What's the secret to shooting a period piece on a budget?

JUSTIN: One word: resourcefulness. There's a bit of a pandemic infecting the indie film world. It's called conventional wisdom. Conventional wisdom says there's no way you can make a period piece without a trunk full of money. Conventional wisdom laughs at the thought of doing it without the support of a studio. People can become discouraged before they even begin when they do the conventional thing and start placing a price tag on everything from hats to horses.

Like I said before, you would be surprised what some phone calls can do, as well as a little out-of-the-box thinking. Also, remember that you are not shooting a documentary (unless you are, of course) so not everything has to be perfect. And if you are shooting a western, remember that western now and western then are two different things. The number one killer of a good indie western story is to dress your characters up like Clint Black's entourage. Do a little research and have some attention to detail. I'm not going to say it's easy, but a little bit of knowledge goes a long way.

Also, Goodwill is your friend (or as we came to call it, GW Western Wear).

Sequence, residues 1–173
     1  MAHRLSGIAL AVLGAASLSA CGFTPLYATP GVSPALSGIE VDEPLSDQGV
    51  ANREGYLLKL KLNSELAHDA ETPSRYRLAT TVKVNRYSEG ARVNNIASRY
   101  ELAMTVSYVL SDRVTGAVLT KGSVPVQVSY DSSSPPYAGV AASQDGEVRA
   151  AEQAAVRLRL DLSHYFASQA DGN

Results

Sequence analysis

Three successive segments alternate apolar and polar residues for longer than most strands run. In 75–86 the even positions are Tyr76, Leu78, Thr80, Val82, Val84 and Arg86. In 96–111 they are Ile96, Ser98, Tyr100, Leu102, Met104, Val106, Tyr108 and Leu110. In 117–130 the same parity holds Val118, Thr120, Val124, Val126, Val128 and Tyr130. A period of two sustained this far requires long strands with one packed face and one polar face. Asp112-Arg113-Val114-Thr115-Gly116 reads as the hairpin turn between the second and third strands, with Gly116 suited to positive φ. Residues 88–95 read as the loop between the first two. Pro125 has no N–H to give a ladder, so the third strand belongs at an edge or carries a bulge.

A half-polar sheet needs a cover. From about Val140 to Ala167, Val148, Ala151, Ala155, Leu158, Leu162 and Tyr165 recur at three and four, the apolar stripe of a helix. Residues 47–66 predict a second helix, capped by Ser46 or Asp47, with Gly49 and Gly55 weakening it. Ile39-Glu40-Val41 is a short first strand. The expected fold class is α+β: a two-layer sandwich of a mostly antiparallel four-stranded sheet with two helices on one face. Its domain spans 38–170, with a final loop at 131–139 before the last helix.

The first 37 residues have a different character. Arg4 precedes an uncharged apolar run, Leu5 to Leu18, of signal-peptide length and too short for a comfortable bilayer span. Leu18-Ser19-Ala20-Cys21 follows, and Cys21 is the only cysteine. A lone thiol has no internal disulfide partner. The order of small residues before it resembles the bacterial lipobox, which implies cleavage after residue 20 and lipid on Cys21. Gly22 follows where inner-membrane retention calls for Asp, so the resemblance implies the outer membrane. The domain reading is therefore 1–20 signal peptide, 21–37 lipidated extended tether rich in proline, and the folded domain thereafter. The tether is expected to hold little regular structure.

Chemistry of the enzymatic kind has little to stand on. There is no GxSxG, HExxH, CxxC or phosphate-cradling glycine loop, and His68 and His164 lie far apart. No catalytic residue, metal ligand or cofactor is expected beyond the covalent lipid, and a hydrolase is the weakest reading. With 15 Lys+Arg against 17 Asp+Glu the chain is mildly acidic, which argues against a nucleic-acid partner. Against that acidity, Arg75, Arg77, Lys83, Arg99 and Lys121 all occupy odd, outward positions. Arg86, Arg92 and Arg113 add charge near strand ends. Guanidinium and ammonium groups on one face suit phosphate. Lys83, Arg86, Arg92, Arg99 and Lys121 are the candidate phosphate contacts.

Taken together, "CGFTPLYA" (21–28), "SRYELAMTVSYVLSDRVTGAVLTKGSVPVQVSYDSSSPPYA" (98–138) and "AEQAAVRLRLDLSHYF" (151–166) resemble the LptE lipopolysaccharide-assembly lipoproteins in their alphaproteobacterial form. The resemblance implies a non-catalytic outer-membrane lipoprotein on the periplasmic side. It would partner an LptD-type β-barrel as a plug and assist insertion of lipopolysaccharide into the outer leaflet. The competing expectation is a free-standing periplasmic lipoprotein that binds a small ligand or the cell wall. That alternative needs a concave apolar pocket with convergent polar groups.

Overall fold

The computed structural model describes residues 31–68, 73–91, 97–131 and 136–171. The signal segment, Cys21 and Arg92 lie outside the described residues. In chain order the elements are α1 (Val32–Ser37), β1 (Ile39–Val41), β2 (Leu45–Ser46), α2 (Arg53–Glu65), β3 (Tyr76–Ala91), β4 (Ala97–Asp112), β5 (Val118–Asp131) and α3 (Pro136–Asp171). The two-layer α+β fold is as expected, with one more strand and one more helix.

What was the smartest thing you did during production? The dumbest?

JUSTIN: I think the smartest thing we did during production was to give everyone a day off. We were in a massive time crunch, always working against the clock. There were days when we would be up at 8 a.m. and work until 5:30 a.m. the following day. Then, back up at 8 a.m. to do it again. After about the 7th straight day of filming like this, our cast and crew was understandably wiped out. They pulled themselves out of bed, half of them sick, and set about the day, but there was no energy.

If you've been on a film set, you know there is a certain buzz in the air as the day goes by, and that buzz was dead. So, we got with the script supervisor and plugged the day's work into little gaps in the schedule for the remaining days. I think that saved the production. It's easy to forget that even though everyone works like a machine, they are far from being one.

The dumbest thing we did was to tether a jumpy horse to a piece railing in front of the saloon. One of the crew came bounding out of a door and spooked the horse, who then pulled down a large section of porch. Luckily, the animal's handler was right there or he might've made off with it.

And, finally, what did you learn from making the film that you have taken to other projects?

JUSTIN: The amount of stuff we learned could fill a book. We took lessons from every dynamic of the project. Everything from script organization, efficient scheduling, legal paperwork, and what foods to not serve, to ADR, visual effects, the impact of foreign currency conversion for overseas contractors, and the pains of working with animals.

After several years of study, we had NO idea what we were getting into. But that's the beautiful thing about this line of work. You can study and speculate all you want but you'll never know the joyful agony of film making until you put your shoulders back and run the gauntlet yourself.

The Merchant Trailer 2013 from Sub_American on Vimeo.